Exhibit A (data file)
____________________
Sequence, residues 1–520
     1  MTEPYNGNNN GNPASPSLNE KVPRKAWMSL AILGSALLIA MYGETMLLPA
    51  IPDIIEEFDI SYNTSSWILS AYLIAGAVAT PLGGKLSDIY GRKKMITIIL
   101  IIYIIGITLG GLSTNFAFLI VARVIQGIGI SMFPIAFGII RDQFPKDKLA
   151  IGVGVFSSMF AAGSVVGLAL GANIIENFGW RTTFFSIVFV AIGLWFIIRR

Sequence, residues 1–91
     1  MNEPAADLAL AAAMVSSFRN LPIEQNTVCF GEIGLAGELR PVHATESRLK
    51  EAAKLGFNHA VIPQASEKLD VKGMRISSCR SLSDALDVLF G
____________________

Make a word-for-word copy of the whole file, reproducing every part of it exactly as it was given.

Sequence, residues 1–520
     1  MTEPYNGNNN GNPASPSLNE KVPRKAWMSL AILGSALLIA MYGETMLLPA
    51  IPDIIEEFDI SYNTSSWILS AYLIAGAVAT PLGGKLSDIY GRKKMITIIL
   101  IIYIIGITLG GLSTNFAFLI VARVIQGIGI SMFPIAFGII RDQFPKDKLA
   151  IGVGVFSSMF AAGSVVGLAL GANIIENFGW RTTFFSIVFV AIGLWFIIRR

Sequence, residues 1–91
     1  MNEPAADLAL AAAMVSSFRN LPIEQNTVCF GEIGLAGELR PVHATESRLK
    51  EAAKLGFNHA VIPQASEKLD VKGMRISSCR SLSDALDVLF G